Campylobacter jejuni infection versus contamination of turkeys and chickens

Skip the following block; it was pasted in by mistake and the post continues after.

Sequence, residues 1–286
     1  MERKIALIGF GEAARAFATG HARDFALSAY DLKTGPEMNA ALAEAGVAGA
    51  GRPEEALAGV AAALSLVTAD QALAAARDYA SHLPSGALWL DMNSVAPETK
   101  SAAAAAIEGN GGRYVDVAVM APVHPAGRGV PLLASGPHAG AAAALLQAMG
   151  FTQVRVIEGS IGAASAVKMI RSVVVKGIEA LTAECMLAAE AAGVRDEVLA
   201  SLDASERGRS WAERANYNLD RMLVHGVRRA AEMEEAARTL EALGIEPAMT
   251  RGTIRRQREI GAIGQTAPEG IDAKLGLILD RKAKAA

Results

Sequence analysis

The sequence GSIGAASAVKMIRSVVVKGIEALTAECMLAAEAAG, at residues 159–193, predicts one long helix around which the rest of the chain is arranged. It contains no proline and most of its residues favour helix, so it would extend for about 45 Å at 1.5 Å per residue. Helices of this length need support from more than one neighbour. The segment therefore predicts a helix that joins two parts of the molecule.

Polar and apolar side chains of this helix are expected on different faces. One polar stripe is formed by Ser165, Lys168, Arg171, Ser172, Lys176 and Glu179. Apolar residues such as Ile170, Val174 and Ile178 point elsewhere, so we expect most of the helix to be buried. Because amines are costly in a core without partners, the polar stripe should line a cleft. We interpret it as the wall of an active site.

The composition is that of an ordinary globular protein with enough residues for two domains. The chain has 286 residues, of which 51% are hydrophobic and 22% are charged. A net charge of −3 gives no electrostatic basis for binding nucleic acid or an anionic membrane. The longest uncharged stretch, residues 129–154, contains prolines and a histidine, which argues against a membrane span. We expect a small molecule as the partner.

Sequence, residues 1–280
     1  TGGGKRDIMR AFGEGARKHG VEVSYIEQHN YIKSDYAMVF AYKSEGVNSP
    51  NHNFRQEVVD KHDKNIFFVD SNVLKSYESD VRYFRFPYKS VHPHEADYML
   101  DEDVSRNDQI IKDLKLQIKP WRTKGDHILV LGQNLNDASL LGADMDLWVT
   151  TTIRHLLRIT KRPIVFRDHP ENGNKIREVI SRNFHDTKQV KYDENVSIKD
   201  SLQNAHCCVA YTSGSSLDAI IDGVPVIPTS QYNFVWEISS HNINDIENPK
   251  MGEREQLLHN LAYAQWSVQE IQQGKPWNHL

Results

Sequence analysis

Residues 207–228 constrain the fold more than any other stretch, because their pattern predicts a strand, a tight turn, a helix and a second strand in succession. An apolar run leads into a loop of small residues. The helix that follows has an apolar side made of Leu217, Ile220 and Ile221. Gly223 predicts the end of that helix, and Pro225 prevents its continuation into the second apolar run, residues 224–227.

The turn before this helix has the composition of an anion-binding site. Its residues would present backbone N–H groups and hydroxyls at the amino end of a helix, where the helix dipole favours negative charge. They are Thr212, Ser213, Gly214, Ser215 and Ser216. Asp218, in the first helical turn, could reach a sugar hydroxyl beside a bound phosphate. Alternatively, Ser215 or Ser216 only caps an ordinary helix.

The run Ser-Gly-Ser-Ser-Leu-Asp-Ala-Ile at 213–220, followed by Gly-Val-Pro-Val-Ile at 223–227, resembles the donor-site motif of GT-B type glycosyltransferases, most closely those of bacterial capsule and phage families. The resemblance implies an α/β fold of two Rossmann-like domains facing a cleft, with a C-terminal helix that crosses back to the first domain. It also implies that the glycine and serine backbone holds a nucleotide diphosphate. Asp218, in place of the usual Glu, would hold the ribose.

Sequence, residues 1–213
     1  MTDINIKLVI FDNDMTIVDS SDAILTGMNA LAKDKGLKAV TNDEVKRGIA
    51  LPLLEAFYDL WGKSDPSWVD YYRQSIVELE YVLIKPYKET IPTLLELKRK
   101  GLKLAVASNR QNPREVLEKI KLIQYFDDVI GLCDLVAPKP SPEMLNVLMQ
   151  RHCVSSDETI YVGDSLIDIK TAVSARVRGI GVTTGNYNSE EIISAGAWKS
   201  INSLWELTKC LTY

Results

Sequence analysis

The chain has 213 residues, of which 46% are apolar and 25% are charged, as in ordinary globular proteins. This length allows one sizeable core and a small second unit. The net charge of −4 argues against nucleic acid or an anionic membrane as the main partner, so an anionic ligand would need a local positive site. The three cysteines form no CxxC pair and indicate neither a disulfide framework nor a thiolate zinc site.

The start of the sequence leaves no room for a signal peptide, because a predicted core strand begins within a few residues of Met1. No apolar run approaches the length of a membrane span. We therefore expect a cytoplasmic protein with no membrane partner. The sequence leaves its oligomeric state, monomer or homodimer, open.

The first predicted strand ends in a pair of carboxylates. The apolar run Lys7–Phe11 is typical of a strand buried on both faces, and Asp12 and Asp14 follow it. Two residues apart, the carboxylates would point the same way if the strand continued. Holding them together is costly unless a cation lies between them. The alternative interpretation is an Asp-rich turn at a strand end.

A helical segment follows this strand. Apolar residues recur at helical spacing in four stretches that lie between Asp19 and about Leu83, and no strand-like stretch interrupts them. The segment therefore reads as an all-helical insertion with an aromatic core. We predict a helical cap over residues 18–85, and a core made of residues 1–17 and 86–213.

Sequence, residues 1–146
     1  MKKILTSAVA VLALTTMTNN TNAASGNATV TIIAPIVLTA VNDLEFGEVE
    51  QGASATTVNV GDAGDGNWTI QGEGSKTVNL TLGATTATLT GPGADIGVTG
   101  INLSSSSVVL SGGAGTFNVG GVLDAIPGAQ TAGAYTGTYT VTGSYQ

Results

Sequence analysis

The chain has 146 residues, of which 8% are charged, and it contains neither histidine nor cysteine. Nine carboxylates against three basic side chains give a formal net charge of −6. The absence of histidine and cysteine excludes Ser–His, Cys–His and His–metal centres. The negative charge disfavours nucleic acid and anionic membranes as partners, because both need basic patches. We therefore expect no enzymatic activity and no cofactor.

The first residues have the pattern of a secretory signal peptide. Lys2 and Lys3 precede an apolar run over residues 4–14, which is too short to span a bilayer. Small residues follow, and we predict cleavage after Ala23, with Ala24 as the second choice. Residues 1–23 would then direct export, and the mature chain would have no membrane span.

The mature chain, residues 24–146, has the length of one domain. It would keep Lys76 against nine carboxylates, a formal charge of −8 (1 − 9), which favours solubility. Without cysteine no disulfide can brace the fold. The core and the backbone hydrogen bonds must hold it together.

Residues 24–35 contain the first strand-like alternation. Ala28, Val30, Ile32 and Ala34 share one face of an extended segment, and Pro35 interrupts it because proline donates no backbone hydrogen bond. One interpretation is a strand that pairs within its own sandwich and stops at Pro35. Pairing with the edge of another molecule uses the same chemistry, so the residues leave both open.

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This study was conducted to determine the extent in which Campylobacter jejuni colonized live birds would survive evisceration and contaminate the processed carcasses. Birds were infected with a marker strain of Campylobacter jejuni and allowed to grow to market age. Cloacal and fecal samples were analyzed to determine the level of Campylobacter jejuni present in the live bird. Prior to slaughter, birds were selectively subjected to two different temperatures (21 and 32Â°C) and three different times of feed withdrawal for chickens (3, 6,and 9 hours and turkeys 0, 4, and 8 hours). Birds were then slaughtered and the carcasses were sampled to determine the level of Campylobacter jejuni that survived. Results indicated a difference between chickens and turkeys, especially regarding the infective dose and bacterial survival rates. No significant differences in carcass contamination due to feed withdrawal times at either temperature were noted. The correlation of fecal samples with cloacal samples was significant for year 2 with r = .53 (p .04). For turkeys, the correlations were not significant. A longitudinal study of turkeys showed that the percentage of birds infected with Campylobacter jejuni peaked when the birds were 5-7 weeks old. The amount of Campylobacter contamination in each turkey peaked when the birds were 5 weeks old and then dropped off quickly.
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